Evaluating Effects of the Husky Energy Pipeline Spill on Fishes in the North Saskatchewan River
In July 2016, a buried pipeline near Maidstone, Saskatchewan, ruptured and spilled approximately 250,000 litres of diluted bitumen (dilbit),Footnote 1 with much of it ending up in the North Saskatchewan River. Since there is little known about the impacts of dilbit exposure on freshwater organisms, the spill presents a unique opportunity to understand the potential chronic impacts of diluted bitumen on a freshwater ecosystem. This project will examine whether the spill compromised the long-term health of fish in the river by assessing concentrations of oil-related contaminants and indicators of adverse impacts on fish.
Researchers will evaluate the fish community structure and health of individual fish at nine sites—three in the immediate vicinity of the spill, two upstream, and four downstream—representing a range of exposure conditions. To establish energy and contaminant pathways, the food web will be sampled from top to bottom. Health indicators that will be examined include the presence of lesions, tumors, breaks in DNA (genetic material), and presence of proteins involved in detoxification. The goal is to determine: how far impacts of the spill have spread along this important river system; how these contaminants move through the food web at a given location; and whether impacts on fish species are evident up to two years after the spill. The data generated by this research will be incorporated into computer models, by Fisheries and Oceans Canada and others, to predict the extent of contamination and potential impacts in the event of a future pipeline spill into a river system. This capability is extremely valuable in light of ongoing proposals for new pipeline developments to transport dilbit.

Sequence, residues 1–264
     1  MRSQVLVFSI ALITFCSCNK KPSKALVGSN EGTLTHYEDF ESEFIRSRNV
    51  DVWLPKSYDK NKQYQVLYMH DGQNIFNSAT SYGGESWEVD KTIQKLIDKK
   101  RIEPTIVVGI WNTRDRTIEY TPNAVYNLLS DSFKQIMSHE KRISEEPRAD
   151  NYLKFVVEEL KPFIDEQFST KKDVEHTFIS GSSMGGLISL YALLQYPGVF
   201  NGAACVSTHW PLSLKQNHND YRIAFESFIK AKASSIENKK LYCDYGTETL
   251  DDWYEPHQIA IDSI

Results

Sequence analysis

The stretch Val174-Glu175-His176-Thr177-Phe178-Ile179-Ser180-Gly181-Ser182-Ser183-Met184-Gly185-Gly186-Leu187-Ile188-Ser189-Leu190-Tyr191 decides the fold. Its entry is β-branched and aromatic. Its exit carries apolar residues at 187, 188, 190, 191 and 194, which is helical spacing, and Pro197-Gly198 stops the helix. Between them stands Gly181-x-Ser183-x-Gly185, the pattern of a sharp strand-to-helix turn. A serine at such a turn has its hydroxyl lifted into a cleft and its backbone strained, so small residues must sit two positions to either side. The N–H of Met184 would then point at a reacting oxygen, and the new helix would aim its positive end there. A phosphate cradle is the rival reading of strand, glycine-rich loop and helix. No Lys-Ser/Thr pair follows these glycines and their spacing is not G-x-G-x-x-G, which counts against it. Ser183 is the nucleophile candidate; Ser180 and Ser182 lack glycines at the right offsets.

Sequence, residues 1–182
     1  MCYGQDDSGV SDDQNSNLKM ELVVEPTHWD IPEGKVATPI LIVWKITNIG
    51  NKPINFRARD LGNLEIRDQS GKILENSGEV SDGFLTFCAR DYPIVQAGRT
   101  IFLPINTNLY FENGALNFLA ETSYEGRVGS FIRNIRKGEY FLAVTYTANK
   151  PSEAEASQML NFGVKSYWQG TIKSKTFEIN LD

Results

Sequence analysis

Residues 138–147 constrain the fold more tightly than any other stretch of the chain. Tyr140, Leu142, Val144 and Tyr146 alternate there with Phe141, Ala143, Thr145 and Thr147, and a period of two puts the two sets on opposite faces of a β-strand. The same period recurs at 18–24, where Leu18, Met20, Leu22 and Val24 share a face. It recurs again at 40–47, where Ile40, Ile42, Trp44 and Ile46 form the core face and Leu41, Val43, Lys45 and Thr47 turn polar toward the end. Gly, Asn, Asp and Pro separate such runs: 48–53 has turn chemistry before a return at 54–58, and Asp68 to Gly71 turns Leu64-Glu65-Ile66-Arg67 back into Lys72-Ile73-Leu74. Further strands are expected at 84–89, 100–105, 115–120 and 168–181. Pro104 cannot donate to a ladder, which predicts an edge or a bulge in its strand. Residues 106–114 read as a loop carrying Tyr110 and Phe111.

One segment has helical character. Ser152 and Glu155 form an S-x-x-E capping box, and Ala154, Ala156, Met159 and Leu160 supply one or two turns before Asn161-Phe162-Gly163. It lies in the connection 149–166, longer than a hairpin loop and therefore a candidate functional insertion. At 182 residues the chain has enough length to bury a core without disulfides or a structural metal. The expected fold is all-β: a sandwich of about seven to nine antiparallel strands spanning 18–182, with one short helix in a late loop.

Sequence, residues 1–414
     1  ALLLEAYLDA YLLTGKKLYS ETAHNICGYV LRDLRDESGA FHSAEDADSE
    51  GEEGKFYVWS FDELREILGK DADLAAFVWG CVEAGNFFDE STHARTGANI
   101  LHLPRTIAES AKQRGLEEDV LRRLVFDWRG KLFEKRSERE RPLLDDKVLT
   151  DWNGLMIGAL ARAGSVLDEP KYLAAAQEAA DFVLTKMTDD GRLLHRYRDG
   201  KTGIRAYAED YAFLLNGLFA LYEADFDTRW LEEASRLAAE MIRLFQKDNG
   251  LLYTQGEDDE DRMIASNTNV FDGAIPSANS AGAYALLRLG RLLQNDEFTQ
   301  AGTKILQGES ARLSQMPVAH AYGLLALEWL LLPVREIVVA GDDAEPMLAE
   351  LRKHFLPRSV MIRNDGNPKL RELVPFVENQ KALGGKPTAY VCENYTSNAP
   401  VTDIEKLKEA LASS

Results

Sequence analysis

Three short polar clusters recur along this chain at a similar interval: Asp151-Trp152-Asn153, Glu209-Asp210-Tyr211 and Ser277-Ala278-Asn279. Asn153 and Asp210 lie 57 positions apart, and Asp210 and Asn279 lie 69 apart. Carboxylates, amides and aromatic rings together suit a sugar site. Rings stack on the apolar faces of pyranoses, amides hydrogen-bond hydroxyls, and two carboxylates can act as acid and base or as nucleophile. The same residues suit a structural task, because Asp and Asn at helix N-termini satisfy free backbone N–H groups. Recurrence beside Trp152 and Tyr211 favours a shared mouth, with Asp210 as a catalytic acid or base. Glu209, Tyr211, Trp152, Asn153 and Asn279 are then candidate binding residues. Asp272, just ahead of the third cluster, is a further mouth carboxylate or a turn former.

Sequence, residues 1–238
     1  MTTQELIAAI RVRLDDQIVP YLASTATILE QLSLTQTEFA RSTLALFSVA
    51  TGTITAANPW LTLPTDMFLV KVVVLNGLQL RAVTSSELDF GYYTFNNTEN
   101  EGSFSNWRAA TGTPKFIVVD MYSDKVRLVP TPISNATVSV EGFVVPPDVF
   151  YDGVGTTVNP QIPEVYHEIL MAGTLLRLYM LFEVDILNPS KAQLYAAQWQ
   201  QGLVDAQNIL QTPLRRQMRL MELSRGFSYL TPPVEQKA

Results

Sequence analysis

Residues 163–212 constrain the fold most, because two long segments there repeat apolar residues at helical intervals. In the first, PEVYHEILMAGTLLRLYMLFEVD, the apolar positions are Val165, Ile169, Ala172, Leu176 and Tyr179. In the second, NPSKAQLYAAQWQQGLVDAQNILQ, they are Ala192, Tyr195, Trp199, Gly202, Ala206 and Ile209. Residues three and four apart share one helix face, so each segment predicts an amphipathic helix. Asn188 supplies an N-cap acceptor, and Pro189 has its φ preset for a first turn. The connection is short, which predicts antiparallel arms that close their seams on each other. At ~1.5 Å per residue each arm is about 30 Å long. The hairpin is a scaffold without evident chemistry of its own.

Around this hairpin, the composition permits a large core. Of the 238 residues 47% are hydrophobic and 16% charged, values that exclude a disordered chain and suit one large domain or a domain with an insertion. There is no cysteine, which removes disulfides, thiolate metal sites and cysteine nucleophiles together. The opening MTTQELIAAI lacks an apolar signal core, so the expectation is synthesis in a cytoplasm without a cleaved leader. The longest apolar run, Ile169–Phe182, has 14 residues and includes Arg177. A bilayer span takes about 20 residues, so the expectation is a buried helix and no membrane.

2017 - 2020
Dr. Timothy Jardine
Assistant Professor, School of Environment and Sustainability
University of Saskatchewan
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